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Evel Knievel Estate's Lawsuit Over Toy Story 4's Duke Caboom Has A Rough Landing

At least in eyes of the law, legendary stuntman Evel Knievel and the "Toy Story 4" character Duke Caboom are not one and the same — contrary to the claims of one of the late motorcycle icon's sons.

Evel Knievel, whose real name was Robert Craig Knievel, was a daredevil stuntman who defied death several times throughout his career. Sometimes his jumps over cars and trucks were a success, and other times — like his catastrophic crash attempting a motorcycle leap over fountains at Caesar's Palace in Las Vegas in 1967 — he ended up in the hospital with multiple fractures (via Las Vegas 360). During his heyday, Knievel — whose career injuries set a Guinness Book of World Records high-mark for "Most Broken Bones in a Lifetime" with 433 fractures — was so popular that his life story was chronicled in the 1971 film "Evel Knievel," starring George Hamilton in the titular role, and 1977's "Viva Knievel!" where the stuntman played himself in the lead.

In 2020, via USA Today, Knievel's estate filed a lawsuit against Disney over a character in their 2019 Oscar-winning animated blockbuster, "Toy Story 4," claiming trademark infringement on the basis of "false endorsement and unjust enrichment." Now, it seems that this lawsuit has crashed back to earth.

A judge has dismissed the lawsuit against Disney filed by Evel Knievel's son

In the end, Evel Knievel's son Kelly and his production company, K&K, saw fit to bring a lawsuit against Disney in September of 2020. As reported by The Wrap, the younger Knievel and K&K believed that the studio used his late father's likeness for Keanu Reeves' Duke Caboom without permission. In the film, the daredevil Caboom wears a white jumpsuit with a red cape, and his motorcycle was powered through a wind-up contraption. Caboom is also described in the film as a toy from the 1970s, based on a Canadian stuntman. In the suit, Kelly Knievel claimed the Duke Caboom toy, in side by side photo of Evel Knievel, was patterned after his father. In addition, The Wrap reported, Kelly Knievel's lawsuit alleged the commercial pedaling Duke Caboom toys in "Toy Story 4" was modeled after a vintage Evel Knievel toy commercial in 1973.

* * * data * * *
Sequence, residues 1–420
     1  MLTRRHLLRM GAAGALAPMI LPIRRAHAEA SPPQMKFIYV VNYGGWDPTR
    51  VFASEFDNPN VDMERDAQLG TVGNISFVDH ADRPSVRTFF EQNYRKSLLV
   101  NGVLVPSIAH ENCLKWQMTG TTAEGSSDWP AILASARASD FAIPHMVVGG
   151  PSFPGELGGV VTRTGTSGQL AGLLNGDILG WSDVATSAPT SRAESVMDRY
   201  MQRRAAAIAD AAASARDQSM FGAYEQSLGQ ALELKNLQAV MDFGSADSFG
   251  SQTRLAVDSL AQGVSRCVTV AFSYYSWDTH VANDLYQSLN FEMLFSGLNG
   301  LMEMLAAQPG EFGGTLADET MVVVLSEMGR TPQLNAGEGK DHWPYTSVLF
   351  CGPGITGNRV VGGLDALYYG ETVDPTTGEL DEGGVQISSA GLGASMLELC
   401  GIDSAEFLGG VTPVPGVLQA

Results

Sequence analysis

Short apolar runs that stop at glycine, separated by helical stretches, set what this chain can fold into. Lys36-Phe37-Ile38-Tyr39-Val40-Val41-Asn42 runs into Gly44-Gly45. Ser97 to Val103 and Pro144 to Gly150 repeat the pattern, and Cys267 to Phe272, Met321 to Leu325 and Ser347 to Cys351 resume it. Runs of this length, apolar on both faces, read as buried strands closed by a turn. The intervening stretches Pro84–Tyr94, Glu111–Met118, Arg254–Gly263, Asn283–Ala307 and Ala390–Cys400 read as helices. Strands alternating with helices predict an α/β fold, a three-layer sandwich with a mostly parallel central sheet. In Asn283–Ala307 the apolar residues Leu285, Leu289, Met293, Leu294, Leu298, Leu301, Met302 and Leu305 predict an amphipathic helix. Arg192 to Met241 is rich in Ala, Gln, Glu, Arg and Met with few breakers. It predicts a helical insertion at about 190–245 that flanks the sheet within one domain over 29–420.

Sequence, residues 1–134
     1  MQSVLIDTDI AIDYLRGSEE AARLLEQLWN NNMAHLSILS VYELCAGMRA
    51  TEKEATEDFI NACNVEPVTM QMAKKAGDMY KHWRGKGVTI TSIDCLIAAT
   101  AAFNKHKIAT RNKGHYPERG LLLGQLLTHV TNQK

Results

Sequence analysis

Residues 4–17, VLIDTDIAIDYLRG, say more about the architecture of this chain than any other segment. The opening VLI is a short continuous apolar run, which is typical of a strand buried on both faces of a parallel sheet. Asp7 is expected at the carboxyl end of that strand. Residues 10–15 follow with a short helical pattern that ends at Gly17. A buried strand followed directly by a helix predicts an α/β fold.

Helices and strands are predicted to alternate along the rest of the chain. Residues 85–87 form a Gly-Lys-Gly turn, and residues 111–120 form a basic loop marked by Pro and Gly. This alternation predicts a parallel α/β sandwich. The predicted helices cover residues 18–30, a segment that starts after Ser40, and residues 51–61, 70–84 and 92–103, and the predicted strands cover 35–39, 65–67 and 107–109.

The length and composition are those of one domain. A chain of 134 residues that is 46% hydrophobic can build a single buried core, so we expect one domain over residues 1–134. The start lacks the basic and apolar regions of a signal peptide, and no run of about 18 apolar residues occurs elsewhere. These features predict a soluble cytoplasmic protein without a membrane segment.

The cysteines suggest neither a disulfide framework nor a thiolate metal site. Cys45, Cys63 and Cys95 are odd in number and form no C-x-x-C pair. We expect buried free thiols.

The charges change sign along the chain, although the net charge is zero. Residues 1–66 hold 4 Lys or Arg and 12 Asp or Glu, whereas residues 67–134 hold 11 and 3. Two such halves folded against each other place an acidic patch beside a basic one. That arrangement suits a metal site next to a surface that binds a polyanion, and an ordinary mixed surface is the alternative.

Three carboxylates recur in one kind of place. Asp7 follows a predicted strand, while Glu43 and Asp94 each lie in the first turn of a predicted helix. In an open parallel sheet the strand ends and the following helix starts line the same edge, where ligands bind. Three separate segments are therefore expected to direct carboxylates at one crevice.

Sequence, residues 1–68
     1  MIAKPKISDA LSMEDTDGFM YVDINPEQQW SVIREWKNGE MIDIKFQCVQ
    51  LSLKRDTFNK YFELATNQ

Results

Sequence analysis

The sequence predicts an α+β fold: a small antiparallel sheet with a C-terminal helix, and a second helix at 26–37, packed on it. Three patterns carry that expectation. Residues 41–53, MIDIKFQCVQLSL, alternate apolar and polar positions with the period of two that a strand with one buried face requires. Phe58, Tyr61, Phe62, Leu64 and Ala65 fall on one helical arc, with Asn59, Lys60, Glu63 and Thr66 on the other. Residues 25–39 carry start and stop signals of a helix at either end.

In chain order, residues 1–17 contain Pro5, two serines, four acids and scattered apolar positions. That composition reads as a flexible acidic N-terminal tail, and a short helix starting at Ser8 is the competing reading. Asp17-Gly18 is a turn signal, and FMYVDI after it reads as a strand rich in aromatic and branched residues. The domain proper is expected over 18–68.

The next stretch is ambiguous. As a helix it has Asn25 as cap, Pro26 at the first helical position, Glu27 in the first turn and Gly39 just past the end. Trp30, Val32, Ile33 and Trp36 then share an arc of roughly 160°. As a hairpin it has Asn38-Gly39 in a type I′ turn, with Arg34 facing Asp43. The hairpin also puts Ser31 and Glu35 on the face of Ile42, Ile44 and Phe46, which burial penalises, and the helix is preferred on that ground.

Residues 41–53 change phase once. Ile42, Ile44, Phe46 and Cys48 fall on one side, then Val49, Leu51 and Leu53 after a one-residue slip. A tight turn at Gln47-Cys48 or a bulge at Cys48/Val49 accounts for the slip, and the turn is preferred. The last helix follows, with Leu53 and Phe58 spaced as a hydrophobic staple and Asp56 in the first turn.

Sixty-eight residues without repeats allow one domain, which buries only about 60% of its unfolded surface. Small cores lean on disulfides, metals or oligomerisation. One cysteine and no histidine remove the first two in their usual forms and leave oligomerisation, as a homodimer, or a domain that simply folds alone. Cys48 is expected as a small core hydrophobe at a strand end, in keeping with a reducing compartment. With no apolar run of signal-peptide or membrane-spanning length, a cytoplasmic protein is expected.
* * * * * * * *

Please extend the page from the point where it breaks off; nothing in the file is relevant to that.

Apparently, the judge didn't buy into the arguments by Evel Knievel's estate, and dismissed the case on Monday. The stuntman's son was reportedly seeking $300,000 in unspecified damages. What it came down to, as explained by Bloomberg Law, was a lack of definitive evidence that Disney had intentionally tried to promote the character by implying a connection with or endorsement from Knievel's estate, or evidence that Disney had purposely promoted audience confusion between Caboom and Knievel — in fact, the judge ruled, the character's differing appearance and backstory were unique enough to clearly differentiate between the two.

Evel Knievel toys are still being sold

Naturally, given that "Toy Story 4" is a movie about living toys, Disney released Duke Caboom toys to promote the film, along with the expected action figures of Hanks' Woody and Allen's Buzz Lightyear. However — in one of the more ironic elements of this whole story — it turns out that the popularity of the Duke Caboom character inspired a reissue of Evel Knievel toys, according to the toy blog Toy Book. "In a bit of lucky timing, last year's release of Disney-Pixar's 'Toy Story 4' reignited interest in the classic toy thanks to Duke Caboom, a Canadian character that was no doubt inspired by American icon," James Zahn of Toy Book wrote.

This was posted in June, and also mentioned that the the Evel Knievel Stunt Cycle was being relaunched, following a new licensing agreement with Knievel's son — the same son, in fact, who would initiate the lawsuit some months later. 

Evel Knievel himself died November 30, 2007, according to ESPN, at the age of 69.